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Published: 1/9/2005

Floods swamp southeast Ohio

BY STEVE EDER
BLADE STAFF WRITER
John Bolen, owner of a shoe shop in Marietta, Ohio, surveys the flooding that damaged about 200 businesses. John Bolen, owner of a shoe shop in Marietta, Ohio, surveys the flooding that damaged about 200 businesses.
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Flooding along First Street in Marietta threatens homes. Up to 400 residents in the area moved to a shelter. Flooding along First Street in Marietta threatens homes. Up to 400 residents in the area moved to a shelter.
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A billboard in Marietta, Ohio, was intended to assure residents after the remnants of Hurricane Ivan swept through the area that life was back to normal. More flooding has hit the city. A billboard in Marietta, Ohio, was intended to assure residents after the remnants of Hurricane Ivan swept through the area that life was back to normal. More flooding has hit the city.
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Joe Pilkington waits for help in his boat on First Street in Marietta, Ohio, where the Ohio River crested 9 feet above flood level. Joe Pilkington waits for help in his boat on First Street in Marietta, Ohio, where the Ohio River crested 9 feet above flood level.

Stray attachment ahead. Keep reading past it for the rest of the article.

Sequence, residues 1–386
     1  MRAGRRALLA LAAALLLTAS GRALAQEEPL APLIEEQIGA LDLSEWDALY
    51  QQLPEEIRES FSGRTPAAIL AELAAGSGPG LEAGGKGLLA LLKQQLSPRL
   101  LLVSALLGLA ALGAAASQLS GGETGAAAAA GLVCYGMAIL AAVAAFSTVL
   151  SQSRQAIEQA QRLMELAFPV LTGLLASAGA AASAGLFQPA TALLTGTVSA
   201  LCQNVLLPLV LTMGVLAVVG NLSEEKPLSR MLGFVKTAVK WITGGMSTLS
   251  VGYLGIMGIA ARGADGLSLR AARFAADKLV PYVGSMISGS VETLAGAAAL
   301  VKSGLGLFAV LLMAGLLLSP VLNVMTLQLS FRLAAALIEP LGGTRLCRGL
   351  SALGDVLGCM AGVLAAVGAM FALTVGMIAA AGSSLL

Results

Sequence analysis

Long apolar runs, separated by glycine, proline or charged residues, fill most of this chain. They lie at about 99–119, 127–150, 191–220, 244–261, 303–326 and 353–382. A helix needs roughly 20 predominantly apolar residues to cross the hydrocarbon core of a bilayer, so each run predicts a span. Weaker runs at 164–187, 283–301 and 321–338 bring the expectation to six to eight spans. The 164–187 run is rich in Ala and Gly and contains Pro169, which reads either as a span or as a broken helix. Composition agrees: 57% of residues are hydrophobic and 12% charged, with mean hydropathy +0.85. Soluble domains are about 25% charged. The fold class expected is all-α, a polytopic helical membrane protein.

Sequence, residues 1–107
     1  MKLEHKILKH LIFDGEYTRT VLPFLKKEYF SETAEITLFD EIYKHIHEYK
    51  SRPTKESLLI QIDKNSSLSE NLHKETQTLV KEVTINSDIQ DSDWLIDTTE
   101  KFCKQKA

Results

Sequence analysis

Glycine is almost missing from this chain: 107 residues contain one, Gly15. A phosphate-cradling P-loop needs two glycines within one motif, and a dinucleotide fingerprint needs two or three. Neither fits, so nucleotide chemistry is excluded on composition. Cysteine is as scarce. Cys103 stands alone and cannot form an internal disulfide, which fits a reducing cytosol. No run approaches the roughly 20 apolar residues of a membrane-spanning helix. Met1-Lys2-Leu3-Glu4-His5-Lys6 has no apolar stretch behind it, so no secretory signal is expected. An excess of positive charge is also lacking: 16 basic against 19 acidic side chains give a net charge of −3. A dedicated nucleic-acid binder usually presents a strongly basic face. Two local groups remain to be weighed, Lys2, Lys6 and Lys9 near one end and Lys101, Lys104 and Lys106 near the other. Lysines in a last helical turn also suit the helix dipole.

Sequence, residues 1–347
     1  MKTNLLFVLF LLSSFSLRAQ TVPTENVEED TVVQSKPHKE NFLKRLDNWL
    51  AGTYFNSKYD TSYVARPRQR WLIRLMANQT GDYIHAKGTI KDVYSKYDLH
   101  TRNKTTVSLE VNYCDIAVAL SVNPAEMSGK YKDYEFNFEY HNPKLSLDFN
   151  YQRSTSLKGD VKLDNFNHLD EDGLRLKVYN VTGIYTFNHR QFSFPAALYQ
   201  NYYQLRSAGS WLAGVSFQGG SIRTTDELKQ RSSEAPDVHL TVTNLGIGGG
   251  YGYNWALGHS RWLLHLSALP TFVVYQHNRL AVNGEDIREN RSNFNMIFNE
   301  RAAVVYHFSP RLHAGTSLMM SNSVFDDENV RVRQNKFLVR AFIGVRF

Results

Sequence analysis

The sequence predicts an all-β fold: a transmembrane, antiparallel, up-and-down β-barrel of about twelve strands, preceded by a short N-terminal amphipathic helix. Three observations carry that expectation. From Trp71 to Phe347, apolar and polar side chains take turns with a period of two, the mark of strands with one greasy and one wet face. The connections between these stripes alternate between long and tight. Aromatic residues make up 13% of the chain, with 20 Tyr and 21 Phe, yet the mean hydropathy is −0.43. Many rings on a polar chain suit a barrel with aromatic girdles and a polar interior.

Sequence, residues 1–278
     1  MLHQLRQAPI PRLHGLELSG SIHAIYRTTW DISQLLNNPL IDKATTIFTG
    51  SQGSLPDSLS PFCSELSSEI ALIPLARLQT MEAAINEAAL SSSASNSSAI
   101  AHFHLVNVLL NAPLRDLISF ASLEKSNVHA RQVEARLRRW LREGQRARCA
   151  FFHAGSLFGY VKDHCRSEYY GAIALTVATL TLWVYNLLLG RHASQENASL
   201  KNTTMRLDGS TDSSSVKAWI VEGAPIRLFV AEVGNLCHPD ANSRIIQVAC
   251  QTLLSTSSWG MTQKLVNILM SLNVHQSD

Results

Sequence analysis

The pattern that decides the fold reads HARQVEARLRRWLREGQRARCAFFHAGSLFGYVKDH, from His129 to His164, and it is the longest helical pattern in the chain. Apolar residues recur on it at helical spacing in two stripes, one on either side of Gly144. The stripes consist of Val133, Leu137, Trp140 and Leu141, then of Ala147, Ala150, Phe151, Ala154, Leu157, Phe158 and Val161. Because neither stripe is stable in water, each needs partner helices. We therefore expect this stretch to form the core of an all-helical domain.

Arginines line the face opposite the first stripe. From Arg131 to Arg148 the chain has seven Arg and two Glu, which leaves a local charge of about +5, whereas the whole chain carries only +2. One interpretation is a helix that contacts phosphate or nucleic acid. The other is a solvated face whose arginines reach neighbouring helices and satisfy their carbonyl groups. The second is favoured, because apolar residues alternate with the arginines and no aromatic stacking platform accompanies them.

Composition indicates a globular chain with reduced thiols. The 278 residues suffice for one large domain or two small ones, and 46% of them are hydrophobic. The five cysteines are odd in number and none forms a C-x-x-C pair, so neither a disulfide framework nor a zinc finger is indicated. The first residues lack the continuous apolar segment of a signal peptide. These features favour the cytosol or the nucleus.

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MARIETTA, Ohio - The floodwaters filling the streets of this river town surrounded a billboard yesterday that informed onlookers that "Everything Is Back to Normal Here."

But it was anything but normal in the southeast Ohio city nestled at the confluence of the Muskingum and Ohio rivers.

Residents boarded boats to sail through more than two feet of mucky floodwater that engulfed downtown streets after last week's storm. The sight mirrored the wreckage in mid-September after remnants of Hurricane Ivan soaked the region and put Marietta, a city with a population of about 14,000 people, under water.

The waterlogged streets posed an eerily familiar scene for residents and downtown shop owners still recovering from the September flood, which was the worst to hit the area in about four decades.

In mid-October, residents hosted "Ivan Fest," a celebration of recovery efforts that let everyone know that normalcy had returned to this Washington County city.

Or so they thought.

Wearing knee-high boots, John Bolen, the owner of Cobbler John's Shoe Service, an 80-year-old downtown shop, surveyed the damage caused by the latest flood.

"This is like dj vu," said Mr. Bolen, who was among the store owners who prepared for the flood by taking measures such as stacking sandbags in front of their shops and moving products off the floor.

In September, the water rose above predictions and caused massive damage for unprepared shop owners. An estimated 200 businesses were damaged in last week's flood.

"We hadn't had a good old-fashioned flood like this in 40 years; so people were out of practice," Mr. Bolen said yesterday. "It's a shame. A lot of the businesses were just getting back, and then we get this again."